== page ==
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What 25 million children are telling us about the next pandemic

The World Health Organization (WHO) and UNICEF just issued a dire warning: we’re witnessing the most significant decline in childhood vaccination rates in a generation. A red alert for policymakers, this signals that the health of children globally is at risk and the impacts will be measured in lives.

Decades of hard-won progress protecting the world’s children is unraveling before our eyes as vaccinations plummet to 30-year lows. New immunization data confirm that 25 million children around the world missed out on life-saving vaccines last year for diseases like measles, polio, and human papilloma virus. Of those kids, a staggering 18 million have never received a dose of any vaccine. 

The ramifications of missing vaccines are extensive and enduring. The oncoming wave of illness is likely to overwhelm health systems, especially in low- and middle-income countries. Further, an entire generation of children missing out on vaccinations will mean many millions of them are likely to experience a lifetime of poor health, resulting in missed educational and job opportunities, and lower national productivity. In addition, the economic impact of parents losing income from having to care for sickly children will be felt globally and more immediately.

This growing immunization gap, initially caused by COVID-19 and compounded now by factors including regional insecurity, conflict, and supply chain issues, comes at a bad time. Even before the pandemic, measles was on the rise among children worldwide, with the number of reported cases in 2019 reaching heights not seen for more than two decades. As of July 1, the WHO has received 25 reports of large and disruptive measles outbreaks from around the world. The number of reported measles cases for the first half of 2022 is nearly the same as the whole year reported for 2021.  However, with reports for the second year in a row of increasing numbers of kids never receiving any vaccine (5 million more kids compared to 2019), we are entering a new era of ever-growing pools of children succumbing to entirely preventable diseases.

Urgent action is needed on two fronts. We must conduct immediate outreach in lagging countries to catch-up with kids who have missed out on vaccines, while simultaneously strengthening routine immunization services to build on existing health systems in parallel to the COVID vaccine rollout. In reality, this means that national governments must enact policy changes to ensure those kids who missed out in 2019, 2020, and 2021 — some of whom are now two to three years old — are accommodated by health systems that are more attuned to reaching newborns. It also means conducting vaccine programs in parallel to each other to ensure children receive needed vaccines more effectively in batches, and not administering one vaccine (e.g., COVID) at the expense of others.

To make this happen, funding is paramount. In countries like Pakistan, the government has reversed the effect of COVID disruptions by committing to vaccine outreach in collaboration with Immunization Agenda 2030 partners like WHO, UNICEF, and Gavi, the Vaccine Alliance. In 2019, the number of unvaccinated children was 600,000, which rose to 1 million in 2020.  Thanks to concerted efforts to reach those kids who were missed, that number was back to 600,000 in 2021.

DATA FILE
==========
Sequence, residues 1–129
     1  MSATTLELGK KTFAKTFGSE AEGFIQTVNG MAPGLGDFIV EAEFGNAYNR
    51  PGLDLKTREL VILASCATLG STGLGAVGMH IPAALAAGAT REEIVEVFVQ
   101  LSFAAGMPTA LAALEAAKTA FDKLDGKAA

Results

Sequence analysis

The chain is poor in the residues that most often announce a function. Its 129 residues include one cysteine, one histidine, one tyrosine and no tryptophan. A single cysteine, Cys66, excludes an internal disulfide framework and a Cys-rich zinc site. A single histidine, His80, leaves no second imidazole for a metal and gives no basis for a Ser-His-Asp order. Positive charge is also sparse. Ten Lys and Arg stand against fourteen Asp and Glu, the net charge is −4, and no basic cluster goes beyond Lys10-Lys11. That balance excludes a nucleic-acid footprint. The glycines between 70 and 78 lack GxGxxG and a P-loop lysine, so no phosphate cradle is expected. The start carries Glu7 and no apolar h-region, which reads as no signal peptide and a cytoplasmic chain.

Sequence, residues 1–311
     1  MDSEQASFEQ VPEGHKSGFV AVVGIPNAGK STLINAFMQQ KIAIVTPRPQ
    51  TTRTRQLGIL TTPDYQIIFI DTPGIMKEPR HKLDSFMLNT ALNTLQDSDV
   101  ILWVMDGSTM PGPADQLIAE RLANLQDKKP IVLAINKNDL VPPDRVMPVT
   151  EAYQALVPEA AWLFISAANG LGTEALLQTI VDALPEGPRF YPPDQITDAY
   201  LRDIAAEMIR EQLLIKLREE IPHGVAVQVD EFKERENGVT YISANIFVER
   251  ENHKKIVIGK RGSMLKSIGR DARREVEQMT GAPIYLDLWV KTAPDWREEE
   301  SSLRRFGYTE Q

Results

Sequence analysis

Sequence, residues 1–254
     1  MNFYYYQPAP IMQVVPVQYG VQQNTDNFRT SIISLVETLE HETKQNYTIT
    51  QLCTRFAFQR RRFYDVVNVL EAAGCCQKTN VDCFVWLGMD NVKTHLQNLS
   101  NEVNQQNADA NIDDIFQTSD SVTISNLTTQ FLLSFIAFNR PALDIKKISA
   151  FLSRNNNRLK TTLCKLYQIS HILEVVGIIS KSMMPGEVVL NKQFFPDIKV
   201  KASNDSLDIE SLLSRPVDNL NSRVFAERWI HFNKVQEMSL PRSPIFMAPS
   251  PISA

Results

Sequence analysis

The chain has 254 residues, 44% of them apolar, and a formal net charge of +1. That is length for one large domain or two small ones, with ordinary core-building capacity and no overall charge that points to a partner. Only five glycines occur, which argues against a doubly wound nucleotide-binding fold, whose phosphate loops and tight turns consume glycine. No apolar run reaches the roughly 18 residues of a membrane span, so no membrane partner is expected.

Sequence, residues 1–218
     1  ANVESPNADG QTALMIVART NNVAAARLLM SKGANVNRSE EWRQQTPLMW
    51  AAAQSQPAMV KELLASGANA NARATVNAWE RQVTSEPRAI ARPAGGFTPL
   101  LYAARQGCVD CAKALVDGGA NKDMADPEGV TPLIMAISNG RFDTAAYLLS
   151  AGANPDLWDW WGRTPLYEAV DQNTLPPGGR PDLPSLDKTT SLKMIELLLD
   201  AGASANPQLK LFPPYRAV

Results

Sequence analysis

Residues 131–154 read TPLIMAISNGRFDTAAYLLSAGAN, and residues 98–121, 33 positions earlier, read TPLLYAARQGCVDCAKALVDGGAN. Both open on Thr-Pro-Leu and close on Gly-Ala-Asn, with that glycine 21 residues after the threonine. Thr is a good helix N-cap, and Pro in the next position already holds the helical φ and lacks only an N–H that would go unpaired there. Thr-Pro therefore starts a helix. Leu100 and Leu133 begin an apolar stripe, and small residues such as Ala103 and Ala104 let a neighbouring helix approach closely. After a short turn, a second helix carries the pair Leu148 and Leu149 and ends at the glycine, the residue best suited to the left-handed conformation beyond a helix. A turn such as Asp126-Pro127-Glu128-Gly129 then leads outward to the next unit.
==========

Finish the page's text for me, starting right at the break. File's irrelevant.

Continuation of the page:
Efforts like this are encouraging, but the example of 25 million unvaccinated kids worldwide tells us that we need to fix health systems globally with an effort that puts immunization front and center. COVID has taught us many lessons, including the imperative role vaccines play to save lives and to build on immunization services to imbue more robust health systems. That is why the recently approved Financial Intermediary Fund (FIF) for Pandemic Preparedness and Response by the World Bank Board of Governors on June 30 could not have come at a more opportune time.

A total of $1.1 billion has been pledged by the US, Germany, the European Commission, the United Kingdom, Indonesia, Singapore, as well as philanthropies to help fund it. This should be used to ensure that current Pandemic Preparedness and Response and the Global Health Architecture are strengthened and lead to investment in Primary Health Care services, with explicit support to beef-up essential Immunization programs. This must also be part of future allocations so that countries can build on existing health systems to improve immunization services for existing, preventable diseases as well as those for future outbreaks of unknown pathogens.

Last week’s news is a wake-up call. With more kids susceptible to childhood disease, outbreaks are inevitable across the globe and will continue to increase, and we are headed for some very tough years ahead. To counter the backsliding that has occurred and help the increasing numbers of children who lack access to immunizations, we must draw from positive experiences and optimize efforts like the new FIF, not only to close the immunization gap in childhood diseases, but also better equip countries to prepare for the next pandemic.

Lori Sloate is the senior director for Global Health at the United Nations Foundation, a founding partner of the Measles & Rubella Initiative. She also serves as Co-chair Advocacy Group, Immunization Agenda 2030, a global partnership of UN agencies and other partners.


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